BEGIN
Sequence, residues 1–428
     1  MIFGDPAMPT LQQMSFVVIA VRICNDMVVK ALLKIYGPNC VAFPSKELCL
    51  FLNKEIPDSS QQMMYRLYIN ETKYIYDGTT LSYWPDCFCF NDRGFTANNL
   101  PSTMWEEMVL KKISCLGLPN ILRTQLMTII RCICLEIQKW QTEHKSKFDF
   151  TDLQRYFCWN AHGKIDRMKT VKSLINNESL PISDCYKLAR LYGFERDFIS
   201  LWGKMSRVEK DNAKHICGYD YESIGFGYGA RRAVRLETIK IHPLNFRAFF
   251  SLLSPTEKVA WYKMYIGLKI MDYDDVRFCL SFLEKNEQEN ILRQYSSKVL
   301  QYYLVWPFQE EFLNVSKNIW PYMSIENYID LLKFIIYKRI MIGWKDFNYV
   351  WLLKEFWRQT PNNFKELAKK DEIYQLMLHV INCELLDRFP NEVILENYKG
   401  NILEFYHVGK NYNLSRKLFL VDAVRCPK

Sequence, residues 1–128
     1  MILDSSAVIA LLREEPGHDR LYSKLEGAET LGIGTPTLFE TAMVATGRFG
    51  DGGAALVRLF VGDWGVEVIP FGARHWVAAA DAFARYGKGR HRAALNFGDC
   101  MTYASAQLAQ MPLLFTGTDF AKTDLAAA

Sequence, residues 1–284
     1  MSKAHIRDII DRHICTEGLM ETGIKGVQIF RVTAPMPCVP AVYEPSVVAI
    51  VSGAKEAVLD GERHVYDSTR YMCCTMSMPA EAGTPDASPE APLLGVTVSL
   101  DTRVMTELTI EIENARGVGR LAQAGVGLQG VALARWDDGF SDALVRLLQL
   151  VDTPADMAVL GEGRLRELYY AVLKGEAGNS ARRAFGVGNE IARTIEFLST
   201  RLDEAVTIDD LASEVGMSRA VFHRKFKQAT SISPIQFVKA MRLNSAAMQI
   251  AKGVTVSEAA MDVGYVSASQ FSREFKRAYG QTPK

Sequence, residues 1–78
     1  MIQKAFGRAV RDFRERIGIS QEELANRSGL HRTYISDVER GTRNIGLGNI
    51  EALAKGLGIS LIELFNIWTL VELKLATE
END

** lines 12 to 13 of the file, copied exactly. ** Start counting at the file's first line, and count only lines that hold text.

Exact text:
     1  MILDSSAVIA LLREEPGHDR LYSKLEGAET LGIGTPTLFE TAMVATGRFG
    51  DGGAALVRLF VGDWGVEVIP FGARHWVAAA DAFARYGKGR HRAALNFGDC